Canada Mortgage and Housing (CMHC) may be one of the most profitable crown corporations we have in Canada. They guarantee the lender won’t lose money if they finance a buyer/property more than 75% of its value.
Our government says it has concerns about their role with CMHC ( essentially a mortgage insurance company) – a role in which taxpayers are technically liable for the borrowers’ actions and behaviour. Yet CMHC currently has premium reserves on hand to withstand up to a 40% market devaluation).
Their average insured loan amount is $173,120 and the average Loan to (current property) Value = 53.1%. Not much of a risk so far.
The average credit score of the borrowers is 733 (good) and the average Gross Debt Service ratio (GDS) is 23.7%. Note that banks will qualify you for a mortgage with up to a 45% GDS
The Federal government (CMHC) backs these mortgages through two sorts of lenders – Traditional lenders (Banks) and Mortgage Finance companies (‘monoline lenders’).
It has been the Monoline lenders that have driven the interest rates down as they had lower overhead and were smart enough to ‘bulk insure’ their non-high ratio mortgages, resulting in substantial savings that they passed on in the way of lower interest rates.
This advantage has been eliminated by the Federal government by creating policy to heavily restrict the monoline lenders competitive edge. It is curious that when the government decided to enact stiffer regulations and restrictive legislation that they called only on the banks for consultation. Of course it is not a stretch to imagine that the result of this consultation and deliberation is a set of new regulations which threaten the very existence of monoline lenders.
The ‘Nanny State’ reasoning is to protect us from ourselves – at least that is what we are told. Part of the excuse for doing this is that the average Canadian’s debt to income ratio is way too high at 167%.
Federal regulators, and most mainstream media, would have us believe that at 167% it could effectively destroy households.
Dustan Woodhouse gave a great example of the reality of Canadian finances if interest rates double;
1. The average household debt figure is largely irrelevant to the financial success of our individual household(s)
2. What is my own debt-to-income ratio? And am I worrying about it at, say, 500%?
Would it sound reasonable to take on a $2,000 mortgage payment with a household income of $100,000?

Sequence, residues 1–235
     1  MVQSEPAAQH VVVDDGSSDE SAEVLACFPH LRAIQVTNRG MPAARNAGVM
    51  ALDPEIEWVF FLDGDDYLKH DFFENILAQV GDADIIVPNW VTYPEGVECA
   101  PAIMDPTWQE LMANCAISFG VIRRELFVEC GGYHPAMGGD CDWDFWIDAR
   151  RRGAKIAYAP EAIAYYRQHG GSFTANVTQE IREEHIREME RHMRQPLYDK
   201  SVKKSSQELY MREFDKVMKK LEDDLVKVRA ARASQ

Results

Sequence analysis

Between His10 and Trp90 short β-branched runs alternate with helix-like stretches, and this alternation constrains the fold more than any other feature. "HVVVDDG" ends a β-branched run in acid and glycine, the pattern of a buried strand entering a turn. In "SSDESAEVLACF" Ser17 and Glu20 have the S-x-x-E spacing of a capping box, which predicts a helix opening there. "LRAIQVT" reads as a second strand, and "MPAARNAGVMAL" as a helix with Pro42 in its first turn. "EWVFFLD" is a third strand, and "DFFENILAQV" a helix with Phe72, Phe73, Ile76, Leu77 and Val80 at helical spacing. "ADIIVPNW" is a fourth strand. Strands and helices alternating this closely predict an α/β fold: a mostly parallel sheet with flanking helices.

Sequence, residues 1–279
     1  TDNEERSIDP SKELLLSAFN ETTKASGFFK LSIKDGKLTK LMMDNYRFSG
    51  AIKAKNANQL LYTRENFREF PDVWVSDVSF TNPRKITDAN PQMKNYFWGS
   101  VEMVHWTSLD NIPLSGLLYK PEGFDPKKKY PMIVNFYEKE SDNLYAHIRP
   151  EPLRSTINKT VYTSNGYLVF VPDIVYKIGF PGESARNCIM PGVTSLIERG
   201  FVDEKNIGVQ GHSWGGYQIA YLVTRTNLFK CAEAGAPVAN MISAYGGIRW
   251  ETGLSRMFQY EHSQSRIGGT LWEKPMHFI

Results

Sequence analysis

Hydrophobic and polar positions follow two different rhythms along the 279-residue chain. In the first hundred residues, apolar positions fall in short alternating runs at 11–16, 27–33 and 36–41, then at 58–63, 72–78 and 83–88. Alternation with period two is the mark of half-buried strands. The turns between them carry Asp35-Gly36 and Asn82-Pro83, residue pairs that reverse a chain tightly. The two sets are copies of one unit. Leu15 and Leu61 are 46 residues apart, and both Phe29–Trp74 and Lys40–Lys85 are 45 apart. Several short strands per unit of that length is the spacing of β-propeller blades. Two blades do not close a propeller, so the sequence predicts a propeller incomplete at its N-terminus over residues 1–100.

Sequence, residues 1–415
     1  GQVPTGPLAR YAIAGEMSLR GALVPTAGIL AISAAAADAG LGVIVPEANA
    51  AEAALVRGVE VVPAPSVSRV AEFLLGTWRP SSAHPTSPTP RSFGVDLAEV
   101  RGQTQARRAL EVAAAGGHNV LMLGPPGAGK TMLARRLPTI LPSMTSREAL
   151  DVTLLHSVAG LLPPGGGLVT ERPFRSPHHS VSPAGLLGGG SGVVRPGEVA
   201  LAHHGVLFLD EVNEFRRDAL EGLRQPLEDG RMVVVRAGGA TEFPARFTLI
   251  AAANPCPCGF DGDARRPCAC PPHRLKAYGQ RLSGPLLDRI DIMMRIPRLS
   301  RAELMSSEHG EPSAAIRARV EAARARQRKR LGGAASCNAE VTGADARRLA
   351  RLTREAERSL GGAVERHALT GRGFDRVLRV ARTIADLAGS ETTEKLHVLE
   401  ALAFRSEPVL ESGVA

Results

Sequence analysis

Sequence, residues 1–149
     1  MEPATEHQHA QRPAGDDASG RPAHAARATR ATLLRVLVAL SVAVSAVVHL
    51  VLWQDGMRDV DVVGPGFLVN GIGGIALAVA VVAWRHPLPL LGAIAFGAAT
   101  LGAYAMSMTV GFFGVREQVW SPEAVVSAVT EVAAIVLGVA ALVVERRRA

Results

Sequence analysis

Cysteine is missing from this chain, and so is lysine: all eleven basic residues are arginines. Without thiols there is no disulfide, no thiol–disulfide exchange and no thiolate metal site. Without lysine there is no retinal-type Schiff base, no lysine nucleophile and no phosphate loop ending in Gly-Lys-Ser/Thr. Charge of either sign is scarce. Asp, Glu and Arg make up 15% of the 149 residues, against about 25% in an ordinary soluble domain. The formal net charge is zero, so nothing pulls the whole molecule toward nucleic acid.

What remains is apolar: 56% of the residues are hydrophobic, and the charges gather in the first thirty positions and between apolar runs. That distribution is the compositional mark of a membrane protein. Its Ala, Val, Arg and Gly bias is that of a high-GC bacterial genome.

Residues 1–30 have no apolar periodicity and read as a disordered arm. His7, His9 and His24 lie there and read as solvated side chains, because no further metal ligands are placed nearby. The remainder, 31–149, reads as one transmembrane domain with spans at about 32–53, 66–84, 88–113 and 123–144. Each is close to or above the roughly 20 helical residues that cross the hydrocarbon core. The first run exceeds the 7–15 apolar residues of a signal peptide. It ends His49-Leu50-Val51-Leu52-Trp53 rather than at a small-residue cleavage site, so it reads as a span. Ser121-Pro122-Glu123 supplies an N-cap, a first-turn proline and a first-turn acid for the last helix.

Is it fair to say that the same $100,000 per year household income could support a $2,600 monthly housing payment?
The $2,000 per month payment represents a monthly payment at today’s interest rates on a $500,000 mortgage balance. The $2,600 per month payment represents a monthly payment at double today’s rates (when that $500,000 mortgage balance comes up for renewal). this household with their $500,000 mortgage balance and a $100,000 household income has a debt-to-income ratio of 500%.
The 500% debt-to-income household has things under control; they know that ~$1,000 of that ~$2,000 payment is principle reduction, a forced savings plan. Although few in Canada actually have a debt-to-income ratio this high; in fact, Bank of Canada research shows that just 8% of Canadians have a debt-to-income ratio above 350%.
But how do things look for the federal government’s debt-to-income ratio?
Let’s have a peak at your (or our collective) “house’s” debt to income ratio. And since the metric does not factor in equity, net worth, savings, or any assets at all when applied to us, we’ll leave them equally absent from this conversation.
Federal Gross income: $291.2 Billion
Federal Gross Debt: $1.056 Trillion
This appears to be a 363% debt-to-income ratio.
Why that’s twice our individual household debt-to-income ratio. And isn’t my mortgage debt capped for complete payout at 25 or 30 years – the maximum amortization allowable. Tell us again about the actual amortization timeline of the current national debt.
Is it the monoline lenders that have driven the interest rates so low that now the Canadian population can afford a $500,000 to $900,000 mortgage? They are actually more prudent than the banks.
Between 2013 and 2016, the characteristics of Median borrowers look like this;
||Traditional lenders (*1)
||Mortgage Finance companies (*2)
||90-day arrears rate (%)
||Household income (annual)
||Loan-to-income ratio (%)
||Total debt-service ratio (%)
Despite the research clearly indicating a more prudent approach to the business by Company #2 than that of their competition (Company #1).
Taking into account the relative youth of Company #2 (about a decade) vs the age of Company #1 (~150yrs) the variation of the equity (loan-to-income) held by each of its clients is more than reasonable and understandable. The narrow difference in total debt-to-service reflects the generally conservative nature of Canadians and further supports the prudent processes in place at Company #2.
Why is our government effectively trying to legislate Company #2 out of business?
Why is our government consulting only with Company #1 when the government’s own research demonstrates the people at Company #2 are doing twice as good a job when it comes to avoiding problem clients?
Yet despite all of the recent government interference in the real estate market, in British Columbia after a momentary slowing last fall, the market is in full throttle once again.